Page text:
One train of thought that is NOT WRONG is that learning on a budget cutter will teach you more than starting out on a high end machine. You will be forced to learn the true art of tuning your cutter. As mentioned previously the MH (as bargain barn budget as it may be) is still capable of cutting decent mid sized work in the hands of a trained assassin. If you are going to try to cut really small stuff with text very much below 3/4" or anything very much over 3 ft long or anything that needs multi-layers to be aligned or anything that is going to be multiple copies then it's not going to make you happy. 

My P-Cut did ok on average stuff but I started needing multiple copies of Heat Transfer Vinyl logo's and it would only do about a dozen before it would overload the memory and wig out and ruin several feet if expensive vinyl or just stop in the middle. I had to "hover" over it every minute it was working so I could stop it if it started going wrong. It was susceptible to static charges and they would also cause it to do something awful.  Hobbyist, no problem. Business, not happening. 

On top of ALL OF THE OTHER THINGS ON YOUR MIND you will need to carefully consider what actual design program you want to build files with. Vinyl Master has seemed to be rock solid and has about all the tools you could want (in the upper levels of the program, not in Cut or even in Letter). I have been trying to learn VM Pro but have not gotten very far yet because my days are so full with a day job and then my cutting work which is a side business. In the end if you really want to be a viable business you will need to become proficient in SOME design graphics program of which there is a list.

The more popular ones include Adobe Illustrator (my tool of choice so I listed it first. Extreme on the learning curve I might add). Corel Draw is used by many and said to be easier to grasp for many people. Inkscape is a free option and several here on the forum are handy with it. (I am not)  It's a bit clunky IMO but with practice you can do about any basic sign graphic. All three of the aforementioned are strictly design programs that you then need a cutting program to send to your cutter. Vinyl Master Cut that you have will do this just fine. VMCut may be missing some of the nesting and tiling tools for cutter interface. Someone who knows for sure may pitch in and clarify this.

The other programs that offer design AND cut in one program include Flexi, (pretty much the boss when it comes to professional sign software and expect to mortgage your house if you were to buy the pro levels) Vinyl Master which you already know a bit about. The Pro level is pretty nice with all the bells and whistles for cutting. The Expert level is even higher but is aimed at print level production work. Then there is Sure Cuts A Lot Pro known as SCALP on the forum. There are several levels of this offering and some have had success with it as a design and cut. I tried a beta version when it first rolled onto the scene and absolutely hated it. If you are actually going to be in business you will be receiving customer files in a myriad of formats. Most I get are un-rendered pictures that I have to re-create. Some come in pdf and have the vector lines within, some in eps or svg vector as well. For an actual business it's a big part of the job and being capable will determine your success, that's why I bring this up. You probably better spend some quiet time deciding how far you plan to go with this. Download Inkscape and work through the tutorials and you'll begin on the path.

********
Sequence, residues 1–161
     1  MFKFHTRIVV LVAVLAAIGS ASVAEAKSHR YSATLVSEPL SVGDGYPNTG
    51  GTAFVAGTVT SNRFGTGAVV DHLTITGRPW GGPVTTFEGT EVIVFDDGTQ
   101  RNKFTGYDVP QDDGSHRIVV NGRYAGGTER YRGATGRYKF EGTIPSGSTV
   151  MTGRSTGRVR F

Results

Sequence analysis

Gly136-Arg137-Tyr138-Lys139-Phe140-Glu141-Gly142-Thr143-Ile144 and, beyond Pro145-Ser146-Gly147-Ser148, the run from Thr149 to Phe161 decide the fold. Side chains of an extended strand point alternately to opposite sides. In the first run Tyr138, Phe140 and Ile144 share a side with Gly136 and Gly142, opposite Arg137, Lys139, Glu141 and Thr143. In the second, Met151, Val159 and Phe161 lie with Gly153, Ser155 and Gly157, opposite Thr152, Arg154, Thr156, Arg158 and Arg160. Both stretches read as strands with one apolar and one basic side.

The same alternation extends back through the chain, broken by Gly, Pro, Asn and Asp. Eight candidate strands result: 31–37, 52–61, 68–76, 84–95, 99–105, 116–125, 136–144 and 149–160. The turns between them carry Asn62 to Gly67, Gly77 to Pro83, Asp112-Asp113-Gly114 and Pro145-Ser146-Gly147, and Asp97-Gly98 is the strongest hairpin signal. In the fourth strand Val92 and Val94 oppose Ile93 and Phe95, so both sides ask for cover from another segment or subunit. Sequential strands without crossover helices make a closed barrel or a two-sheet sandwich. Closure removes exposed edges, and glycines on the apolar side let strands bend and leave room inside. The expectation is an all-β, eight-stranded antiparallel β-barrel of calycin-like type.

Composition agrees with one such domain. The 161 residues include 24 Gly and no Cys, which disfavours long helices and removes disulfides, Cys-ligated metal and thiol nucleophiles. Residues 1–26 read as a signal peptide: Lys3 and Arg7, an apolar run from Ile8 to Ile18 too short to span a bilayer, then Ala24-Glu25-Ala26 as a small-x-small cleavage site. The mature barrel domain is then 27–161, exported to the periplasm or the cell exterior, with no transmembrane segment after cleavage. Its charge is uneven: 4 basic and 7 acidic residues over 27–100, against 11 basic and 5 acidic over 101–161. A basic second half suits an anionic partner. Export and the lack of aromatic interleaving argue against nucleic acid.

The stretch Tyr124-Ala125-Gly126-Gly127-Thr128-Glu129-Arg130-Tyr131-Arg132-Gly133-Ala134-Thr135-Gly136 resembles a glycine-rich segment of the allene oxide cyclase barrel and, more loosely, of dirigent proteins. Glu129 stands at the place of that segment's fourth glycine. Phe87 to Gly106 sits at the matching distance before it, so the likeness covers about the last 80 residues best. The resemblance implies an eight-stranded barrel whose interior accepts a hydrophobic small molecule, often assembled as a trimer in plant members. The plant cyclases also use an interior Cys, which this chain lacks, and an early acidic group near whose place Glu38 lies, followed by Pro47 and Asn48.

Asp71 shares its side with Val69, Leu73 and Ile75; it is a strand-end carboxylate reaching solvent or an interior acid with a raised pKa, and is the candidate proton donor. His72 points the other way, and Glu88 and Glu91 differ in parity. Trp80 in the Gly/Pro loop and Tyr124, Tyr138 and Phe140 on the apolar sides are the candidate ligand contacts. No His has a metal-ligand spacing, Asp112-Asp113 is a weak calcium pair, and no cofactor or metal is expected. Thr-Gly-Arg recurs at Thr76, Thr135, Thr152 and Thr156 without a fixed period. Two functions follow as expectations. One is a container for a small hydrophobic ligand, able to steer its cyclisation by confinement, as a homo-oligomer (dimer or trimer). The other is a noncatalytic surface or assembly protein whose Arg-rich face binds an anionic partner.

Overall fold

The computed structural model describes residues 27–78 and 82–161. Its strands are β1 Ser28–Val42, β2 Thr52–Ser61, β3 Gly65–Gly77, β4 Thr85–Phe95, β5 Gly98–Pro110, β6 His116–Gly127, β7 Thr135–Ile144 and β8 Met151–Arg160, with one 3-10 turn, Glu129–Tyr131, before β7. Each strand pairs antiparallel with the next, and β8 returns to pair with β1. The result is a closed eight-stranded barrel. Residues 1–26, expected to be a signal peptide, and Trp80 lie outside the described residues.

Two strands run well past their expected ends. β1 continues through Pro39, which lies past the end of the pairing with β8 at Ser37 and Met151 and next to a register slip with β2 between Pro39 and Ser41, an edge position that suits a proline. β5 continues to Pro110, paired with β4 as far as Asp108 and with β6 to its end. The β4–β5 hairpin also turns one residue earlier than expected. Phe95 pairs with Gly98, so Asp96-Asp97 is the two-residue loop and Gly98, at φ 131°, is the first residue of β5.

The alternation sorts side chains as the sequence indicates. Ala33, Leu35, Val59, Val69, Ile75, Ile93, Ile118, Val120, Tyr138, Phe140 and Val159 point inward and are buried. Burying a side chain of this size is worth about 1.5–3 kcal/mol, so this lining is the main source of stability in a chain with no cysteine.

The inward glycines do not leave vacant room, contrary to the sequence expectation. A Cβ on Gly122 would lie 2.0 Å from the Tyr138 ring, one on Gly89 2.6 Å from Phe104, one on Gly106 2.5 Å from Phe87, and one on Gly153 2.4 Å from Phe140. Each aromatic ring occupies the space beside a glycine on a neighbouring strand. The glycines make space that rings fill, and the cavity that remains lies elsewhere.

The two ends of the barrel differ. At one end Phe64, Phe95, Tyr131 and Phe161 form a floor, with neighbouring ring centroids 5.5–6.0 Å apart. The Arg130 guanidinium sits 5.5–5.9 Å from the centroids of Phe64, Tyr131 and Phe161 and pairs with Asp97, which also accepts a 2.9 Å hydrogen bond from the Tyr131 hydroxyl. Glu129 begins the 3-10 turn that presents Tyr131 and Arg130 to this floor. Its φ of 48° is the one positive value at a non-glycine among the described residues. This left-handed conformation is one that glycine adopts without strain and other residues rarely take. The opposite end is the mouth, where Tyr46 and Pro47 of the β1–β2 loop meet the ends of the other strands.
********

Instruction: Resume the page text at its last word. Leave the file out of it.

I design almost exclusively on a mac in Adobe Illustrator and then I cut from a cut only program called SignCut Pro 1. It is both mac and pc compatible and probably would let you cut from your MacBook to your MH although the crappy chipset in the cutter will be an issue for you. There is a special adapter that will supposedly fix you up on that too called a Tripp lite Keyspan adapter (name brand, other brands usually do not work) but you would be stepping off into left field with little tech support if trying to make all that work on the mac. Your windows laptop will work just fine as a cutter controller as will your VM Cut program should you start designing in something else and just using it to run the cutter. Still need to figure out why it's not currently working of course but that sounds like a fine tune/mechanical issue rather than software issue.